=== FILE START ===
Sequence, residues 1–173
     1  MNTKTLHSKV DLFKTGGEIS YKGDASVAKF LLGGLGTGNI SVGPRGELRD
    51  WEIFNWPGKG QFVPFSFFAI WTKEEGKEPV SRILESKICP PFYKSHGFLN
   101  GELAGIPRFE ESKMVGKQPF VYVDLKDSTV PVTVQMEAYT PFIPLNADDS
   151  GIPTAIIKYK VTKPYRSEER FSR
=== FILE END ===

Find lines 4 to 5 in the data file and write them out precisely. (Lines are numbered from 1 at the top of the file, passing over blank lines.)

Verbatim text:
   101  GELAGIPRFE ESKMVGKQPF VYVDLKDSTV PVTVQMEAYT PFIPLNADDS
   151  GIPTAIIKYK VTKPYRSEER FSR